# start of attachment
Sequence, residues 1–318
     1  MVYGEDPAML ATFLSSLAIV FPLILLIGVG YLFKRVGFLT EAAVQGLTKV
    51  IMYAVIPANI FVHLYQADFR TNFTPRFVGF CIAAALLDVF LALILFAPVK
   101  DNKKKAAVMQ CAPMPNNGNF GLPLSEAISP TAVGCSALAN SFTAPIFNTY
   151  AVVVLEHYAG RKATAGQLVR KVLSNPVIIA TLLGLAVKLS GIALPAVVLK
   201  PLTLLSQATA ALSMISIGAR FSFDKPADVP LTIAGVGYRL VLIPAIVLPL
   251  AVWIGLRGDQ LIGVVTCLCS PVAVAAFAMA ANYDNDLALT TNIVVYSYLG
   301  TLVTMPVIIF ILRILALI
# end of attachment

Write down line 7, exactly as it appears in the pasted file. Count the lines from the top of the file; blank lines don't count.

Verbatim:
   251  AVWIGLRGDQ LIGVVTCLCS PVAVAAFAMA ANYDNDLALT TNIVVYSYLG